Tag Archives: shopping

The victories of coronavirus shopping

21 Apr

The masks are coming out

31 Mar

Yesterday the government announced that as of tomorrow supermarkets will be handing out face masks to shoppers and we will not be allowed to shop without them. Suddenly, this morning I have seen several people wearing masks on the street. Probably a good precaution but eerie nonetheless.

Tuesday evenings

24 Mar

There is a store in Vienna called Eduscho or Tchibo. They technically sell coffee, but they also sell inexpensive consumer goods that change every week. The change is made on Tuesdays. So I am used to looking with great curiosity at what they have in their window when I walk by with Maylo on Tuesday evenings.

It is just one of many reminders that we are on coronavirus lockdown that the window has been the same for three weeks. I must confess I am getting a little tired now of the underwear in their shop window!

Special coronavirus opening hours

21 Mar

Maylo and I are still in bed as I write this. We would get up (it has stopped raining), but then we would get to the Trafik before they opened and not be able to get treats (Maylo) and Saturday newspaper and instant lottery ticket (me). They’re opening an hour later than usual for the time being. Special coronavirus opening hours.

The Italians are coming!

31 Dec

Actually, they’re already here. I went to two supermarkets this morning to get everything for dinner this evening and, in both, Italians were trying to communicate with the natives.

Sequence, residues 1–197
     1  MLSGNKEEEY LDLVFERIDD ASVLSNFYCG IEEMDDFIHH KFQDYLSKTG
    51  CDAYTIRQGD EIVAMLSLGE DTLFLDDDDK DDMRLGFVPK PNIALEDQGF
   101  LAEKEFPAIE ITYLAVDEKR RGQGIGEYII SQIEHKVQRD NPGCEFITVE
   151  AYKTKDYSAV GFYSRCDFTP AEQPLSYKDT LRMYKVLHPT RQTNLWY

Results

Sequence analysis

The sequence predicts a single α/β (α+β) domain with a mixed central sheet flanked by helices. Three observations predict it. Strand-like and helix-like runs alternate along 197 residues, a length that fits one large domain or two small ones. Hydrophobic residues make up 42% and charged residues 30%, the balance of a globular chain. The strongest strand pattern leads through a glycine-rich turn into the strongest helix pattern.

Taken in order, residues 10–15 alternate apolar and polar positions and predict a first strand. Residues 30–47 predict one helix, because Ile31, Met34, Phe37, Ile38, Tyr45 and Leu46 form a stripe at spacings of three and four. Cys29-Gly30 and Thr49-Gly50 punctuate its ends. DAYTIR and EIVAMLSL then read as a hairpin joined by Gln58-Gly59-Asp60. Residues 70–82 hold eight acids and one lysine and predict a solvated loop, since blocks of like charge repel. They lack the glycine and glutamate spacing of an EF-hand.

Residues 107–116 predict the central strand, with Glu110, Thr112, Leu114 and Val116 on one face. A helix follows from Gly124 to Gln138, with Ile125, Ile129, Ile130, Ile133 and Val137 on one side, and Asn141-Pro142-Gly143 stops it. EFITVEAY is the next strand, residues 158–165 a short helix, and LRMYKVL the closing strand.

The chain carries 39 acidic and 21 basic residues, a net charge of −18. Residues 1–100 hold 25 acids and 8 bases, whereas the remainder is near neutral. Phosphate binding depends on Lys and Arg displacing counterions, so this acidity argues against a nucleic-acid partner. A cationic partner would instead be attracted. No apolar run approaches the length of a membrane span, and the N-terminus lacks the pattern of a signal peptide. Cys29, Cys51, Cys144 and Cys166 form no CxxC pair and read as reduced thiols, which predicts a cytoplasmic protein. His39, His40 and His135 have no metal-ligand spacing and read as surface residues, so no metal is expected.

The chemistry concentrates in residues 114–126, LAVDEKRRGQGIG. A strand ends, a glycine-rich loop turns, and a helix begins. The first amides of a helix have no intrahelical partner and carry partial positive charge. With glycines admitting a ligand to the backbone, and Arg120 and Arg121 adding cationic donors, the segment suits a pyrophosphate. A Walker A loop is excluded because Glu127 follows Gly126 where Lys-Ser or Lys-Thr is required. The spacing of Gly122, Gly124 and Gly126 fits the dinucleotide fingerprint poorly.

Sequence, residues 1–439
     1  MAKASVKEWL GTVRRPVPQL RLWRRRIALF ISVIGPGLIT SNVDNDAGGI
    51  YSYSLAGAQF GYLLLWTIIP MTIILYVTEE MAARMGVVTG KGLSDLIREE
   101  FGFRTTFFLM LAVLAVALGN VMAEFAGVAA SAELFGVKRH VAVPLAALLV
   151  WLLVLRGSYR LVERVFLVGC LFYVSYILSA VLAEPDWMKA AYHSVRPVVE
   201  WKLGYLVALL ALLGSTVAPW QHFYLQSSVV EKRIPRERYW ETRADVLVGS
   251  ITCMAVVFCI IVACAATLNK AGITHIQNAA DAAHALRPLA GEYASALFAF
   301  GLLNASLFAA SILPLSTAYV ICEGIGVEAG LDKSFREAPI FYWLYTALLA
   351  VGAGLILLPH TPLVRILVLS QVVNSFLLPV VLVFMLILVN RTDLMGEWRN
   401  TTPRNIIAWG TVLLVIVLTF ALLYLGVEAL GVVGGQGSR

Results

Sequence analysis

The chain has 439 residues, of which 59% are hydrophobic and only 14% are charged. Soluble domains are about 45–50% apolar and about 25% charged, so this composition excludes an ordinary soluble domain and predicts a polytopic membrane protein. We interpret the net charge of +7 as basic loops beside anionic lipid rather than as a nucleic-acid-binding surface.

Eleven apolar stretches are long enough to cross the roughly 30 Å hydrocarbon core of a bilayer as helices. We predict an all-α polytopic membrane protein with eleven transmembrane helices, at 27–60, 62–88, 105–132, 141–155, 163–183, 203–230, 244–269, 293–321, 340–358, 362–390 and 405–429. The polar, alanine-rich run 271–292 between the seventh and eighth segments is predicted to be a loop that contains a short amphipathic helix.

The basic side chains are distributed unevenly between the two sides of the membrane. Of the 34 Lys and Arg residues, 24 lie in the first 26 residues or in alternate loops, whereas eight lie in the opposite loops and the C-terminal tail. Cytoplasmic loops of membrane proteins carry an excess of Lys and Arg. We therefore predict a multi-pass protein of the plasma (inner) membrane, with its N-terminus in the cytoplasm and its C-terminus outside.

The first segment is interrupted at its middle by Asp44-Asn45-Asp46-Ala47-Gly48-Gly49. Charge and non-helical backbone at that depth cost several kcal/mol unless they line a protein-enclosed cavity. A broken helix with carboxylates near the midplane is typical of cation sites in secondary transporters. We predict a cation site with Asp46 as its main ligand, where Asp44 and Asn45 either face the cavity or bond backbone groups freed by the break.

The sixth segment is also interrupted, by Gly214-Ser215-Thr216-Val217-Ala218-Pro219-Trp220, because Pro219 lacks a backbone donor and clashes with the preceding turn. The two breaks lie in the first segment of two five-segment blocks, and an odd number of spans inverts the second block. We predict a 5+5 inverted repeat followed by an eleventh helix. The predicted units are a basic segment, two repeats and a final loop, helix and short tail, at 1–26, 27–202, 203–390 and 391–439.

In the first one, a customer was trying to buy “brodo” (broth). She seemed, rightly so, rather skeptical when she was shown the bouillon cubes.

In the second one, the conversation at the cash register went like this:

Italian customer: Panettone?

Cashier: Nein.

Italian customer (in Italian): “No” you don’t understand or “no” you don’t have any?

Cashier (in German): I don’t understand you but no we don’t have any.

Italian customer: ?

Twenty years of voice lessons including Italian opera and a few trips to Italy allowed me to clarify: Non c’è la. [And benvenuta a Vienna. ;-)]

Comings and goings

21 Dec

What a day! I wanted to get my pre-Christmas errands done today so that tomorrow I can do my bookkeeping and then I am on vacation. And I managed to get everything on my list done, plus one.

One of the first things Maylo and I did this morning was go to his vet’s. Her hours have changed and I’ve been busy, so I made one quick trip on my way home from work one day to pick up food for Maylo but had to go without him–and even in this digital age there are some things for which the physical beings need to be present. (I won’t go into details.)

I’m so glad we made it today. It was her last day of work before retirement. We might have missed her altogether and gone next year only to find an entirely new face and person there! We were able to say our thank yous and farewells and reminisce about December five years ago when we didn’t know if Maylo would keep his back leg after being hit by a car. (I always feel the need to say at this point that I was out of the country on a business trip when it happened, and Maylo was staying with people I know.)

On my final round of errands this afternoon, I found myself walking past a sewing notions shop (really, one of those specialty shops with every possible kind of button, thread, and clasp but with no fabrics). I’ve been going there off and on for years for those little things that can otherwise be hard to find. Remembering that I needed some Velcro, I stopped in–and discovered that the owner (a delightful, cheerful woman with all the expertise of an old-fashioned shopkeeper in Vienna) is also retiring. I’m glad I stopped in there, too, and was able to thank her for all her help over the years. I was also glad to meet her successor. I have been afraid for years that when she left, the shop would go.